It is my opinion that the subject of modesty must be approached asexually.
When approaching a sensitive issue, I like to line up my arguments by starting with the argument that is universally accepted and practically irrefutable. Remember: my point in these posts is to insist that we as Christians – particularly spiritual leaders – need to discuss modesty.
It is my opinion that the subject of modesty must be approached asexually. As has been proven by the preceding post and comments this is almost impossible. Almost immediately the discussion included sexual lust. I can’t help but wondering if this is not why so many discussions on modesty in clothing conclude with the participating parties at loggerheads. The subjective nature of lust (or, more precisely, what provokes lust) complicates the discussion. Therefore, I think it is a good discipline to think in a theological and spiritual vein to the exclusion of sexual implications when we begin our investigation on this subject. As a pastor I have found that approaching sensitive subjects from the objective and unemotional standpoint first usually paves the way for the more delicate and subjective applicational aspect of the controversy. My point with these posts is to defend the notion that pastors must speak to the issue of modesty in clothing. If I can stay focused, I think that many others questions will resolve themselves in the process.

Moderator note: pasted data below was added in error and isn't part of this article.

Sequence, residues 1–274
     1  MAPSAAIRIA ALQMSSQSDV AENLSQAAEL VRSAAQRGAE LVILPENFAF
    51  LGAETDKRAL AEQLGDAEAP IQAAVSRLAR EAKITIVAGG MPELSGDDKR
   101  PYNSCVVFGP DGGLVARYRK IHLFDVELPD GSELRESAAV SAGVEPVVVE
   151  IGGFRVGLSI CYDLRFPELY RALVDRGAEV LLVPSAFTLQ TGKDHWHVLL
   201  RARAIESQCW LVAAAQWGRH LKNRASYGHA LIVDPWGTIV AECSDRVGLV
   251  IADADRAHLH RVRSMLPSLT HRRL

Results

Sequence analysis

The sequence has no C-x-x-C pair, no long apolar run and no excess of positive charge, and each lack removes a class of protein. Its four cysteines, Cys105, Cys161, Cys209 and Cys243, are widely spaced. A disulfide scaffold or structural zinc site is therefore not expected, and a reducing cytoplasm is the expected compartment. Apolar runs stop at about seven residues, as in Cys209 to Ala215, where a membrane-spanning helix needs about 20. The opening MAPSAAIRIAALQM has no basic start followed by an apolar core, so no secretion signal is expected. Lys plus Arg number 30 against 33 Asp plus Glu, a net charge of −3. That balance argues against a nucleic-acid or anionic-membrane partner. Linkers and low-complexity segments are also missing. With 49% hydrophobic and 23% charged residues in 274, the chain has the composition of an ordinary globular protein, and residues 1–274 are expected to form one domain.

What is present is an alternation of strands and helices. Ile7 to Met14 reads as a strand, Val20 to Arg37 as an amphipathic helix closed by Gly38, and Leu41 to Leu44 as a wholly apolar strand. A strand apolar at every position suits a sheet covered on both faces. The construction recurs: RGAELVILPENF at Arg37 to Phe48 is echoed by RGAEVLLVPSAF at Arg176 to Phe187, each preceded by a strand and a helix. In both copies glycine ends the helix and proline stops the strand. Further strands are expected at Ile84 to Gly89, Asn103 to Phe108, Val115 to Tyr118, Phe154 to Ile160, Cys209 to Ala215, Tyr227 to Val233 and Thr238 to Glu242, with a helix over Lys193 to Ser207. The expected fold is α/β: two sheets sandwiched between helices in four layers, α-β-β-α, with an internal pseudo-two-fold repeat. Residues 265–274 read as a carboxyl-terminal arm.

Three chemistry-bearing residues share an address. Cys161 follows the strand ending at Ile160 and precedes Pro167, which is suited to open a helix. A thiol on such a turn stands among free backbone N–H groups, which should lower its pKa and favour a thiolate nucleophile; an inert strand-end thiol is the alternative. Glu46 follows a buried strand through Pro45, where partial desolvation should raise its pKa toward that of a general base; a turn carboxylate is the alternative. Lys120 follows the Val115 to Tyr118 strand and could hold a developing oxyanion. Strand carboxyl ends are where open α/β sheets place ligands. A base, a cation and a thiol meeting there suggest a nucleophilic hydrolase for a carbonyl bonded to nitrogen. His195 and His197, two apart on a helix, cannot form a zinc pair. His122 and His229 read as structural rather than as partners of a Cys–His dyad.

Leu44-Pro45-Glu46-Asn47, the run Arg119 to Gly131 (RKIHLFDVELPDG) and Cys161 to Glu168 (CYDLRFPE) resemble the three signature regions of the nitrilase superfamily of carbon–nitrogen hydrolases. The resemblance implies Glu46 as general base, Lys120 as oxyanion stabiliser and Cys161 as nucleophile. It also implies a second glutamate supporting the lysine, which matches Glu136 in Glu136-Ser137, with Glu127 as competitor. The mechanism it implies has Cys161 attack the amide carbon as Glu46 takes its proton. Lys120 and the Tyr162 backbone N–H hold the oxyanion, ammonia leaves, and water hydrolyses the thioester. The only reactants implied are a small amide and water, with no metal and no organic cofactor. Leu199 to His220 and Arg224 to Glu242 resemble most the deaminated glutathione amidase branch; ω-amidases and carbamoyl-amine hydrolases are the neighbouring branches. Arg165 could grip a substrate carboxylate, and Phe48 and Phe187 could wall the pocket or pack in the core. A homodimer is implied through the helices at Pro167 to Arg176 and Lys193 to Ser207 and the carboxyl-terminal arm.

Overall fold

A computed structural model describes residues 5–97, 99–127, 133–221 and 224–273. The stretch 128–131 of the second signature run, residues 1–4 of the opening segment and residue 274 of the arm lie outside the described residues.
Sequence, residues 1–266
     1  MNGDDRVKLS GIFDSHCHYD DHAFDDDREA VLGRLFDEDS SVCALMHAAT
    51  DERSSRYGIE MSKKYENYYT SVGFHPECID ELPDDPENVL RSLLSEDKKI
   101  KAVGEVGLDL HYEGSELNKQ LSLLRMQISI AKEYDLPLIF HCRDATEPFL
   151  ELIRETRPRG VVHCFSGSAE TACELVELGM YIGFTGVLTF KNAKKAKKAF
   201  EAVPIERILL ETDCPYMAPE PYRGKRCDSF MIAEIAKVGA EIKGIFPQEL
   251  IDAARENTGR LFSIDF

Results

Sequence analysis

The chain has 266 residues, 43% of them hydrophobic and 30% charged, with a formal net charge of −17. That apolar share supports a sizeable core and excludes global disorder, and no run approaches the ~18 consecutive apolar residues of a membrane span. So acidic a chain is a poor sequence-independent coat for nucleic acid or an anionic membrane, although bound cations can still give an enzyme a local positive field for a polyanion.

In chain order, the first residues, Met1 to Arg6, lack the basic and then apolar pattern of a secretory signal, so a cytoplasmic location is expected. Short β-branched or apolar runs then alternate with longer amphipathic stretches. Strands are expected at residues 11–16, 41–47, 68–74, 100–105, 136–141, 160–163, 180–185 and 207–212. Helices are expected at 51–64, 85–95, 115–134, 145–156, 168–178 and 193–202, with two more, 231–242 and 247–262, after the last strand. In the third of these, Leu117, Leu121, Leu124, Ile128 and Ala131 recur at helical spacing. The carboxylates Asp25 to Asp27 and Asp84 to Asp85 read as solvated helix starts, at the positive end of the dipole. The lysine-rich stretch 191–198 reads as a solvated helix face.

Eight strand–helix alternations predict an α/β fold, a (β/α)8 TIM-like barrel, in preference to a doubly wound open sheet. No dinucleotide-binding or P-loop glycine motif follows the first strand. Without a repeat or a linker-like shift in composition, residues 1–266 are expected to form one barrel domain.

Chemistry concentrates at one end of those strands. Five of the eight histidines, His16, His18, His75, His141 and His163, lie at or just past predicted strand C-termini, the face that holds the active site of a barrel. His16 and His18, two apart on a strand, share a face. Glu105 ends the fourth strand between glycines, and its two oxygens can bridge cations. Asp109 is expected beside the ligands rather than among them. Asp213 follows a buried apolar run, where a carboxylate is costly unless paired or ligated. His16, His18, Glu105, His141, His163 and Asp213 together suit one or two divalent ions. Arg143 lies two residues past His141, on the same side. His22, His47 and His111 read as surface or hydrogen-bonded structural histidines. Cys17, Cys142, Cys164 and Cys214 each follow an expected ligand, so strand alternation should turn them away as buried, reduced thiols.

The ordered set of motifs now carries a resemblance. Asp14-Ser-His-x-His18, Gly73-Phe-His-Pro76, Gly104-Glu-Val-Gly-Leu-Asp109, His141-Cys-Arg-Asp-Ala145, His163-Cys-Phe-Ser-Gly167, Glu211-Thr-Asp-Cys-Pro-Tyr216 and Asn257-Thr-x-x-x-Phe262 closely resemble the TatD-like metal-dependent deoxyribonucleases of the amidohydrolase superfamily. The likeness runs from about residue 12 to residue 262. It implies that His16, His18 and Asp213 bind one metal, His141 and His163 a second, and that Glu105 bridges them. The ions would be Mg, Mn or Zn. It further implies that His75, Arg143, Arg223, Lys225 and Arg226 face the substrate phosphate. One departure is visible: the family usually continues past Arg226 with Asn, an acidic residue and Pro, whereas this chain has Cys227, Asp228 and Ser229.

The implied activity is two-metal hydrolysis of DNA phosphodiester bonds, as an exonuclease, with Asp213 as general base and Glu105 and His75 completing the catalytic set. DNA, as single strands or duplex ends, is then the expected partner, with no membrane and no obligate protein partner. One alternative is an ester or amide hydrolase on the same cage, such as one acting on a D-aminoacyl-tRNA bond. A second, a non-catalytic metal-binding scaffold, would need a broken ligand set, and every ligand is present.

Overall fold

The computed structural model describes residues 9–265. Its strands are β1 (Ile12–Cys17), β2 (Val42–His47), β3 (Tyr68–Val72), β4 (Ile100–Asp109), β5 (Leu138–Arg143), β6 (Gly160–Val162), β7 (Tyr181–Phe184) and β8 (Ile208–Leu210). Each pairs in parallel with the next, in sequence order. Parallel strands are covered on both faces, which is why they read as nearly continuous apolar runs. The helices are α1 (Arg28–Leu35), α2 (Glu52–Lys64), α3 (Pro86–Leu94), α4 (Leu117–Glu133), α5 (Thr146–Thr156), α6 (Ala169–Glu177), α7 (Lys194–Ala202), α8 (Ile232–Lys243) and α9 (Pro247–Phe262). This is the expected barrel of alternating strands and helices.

Modesty in clothing must be addressed by pastors because of our ambassadorial obligation. As I stated in Part One: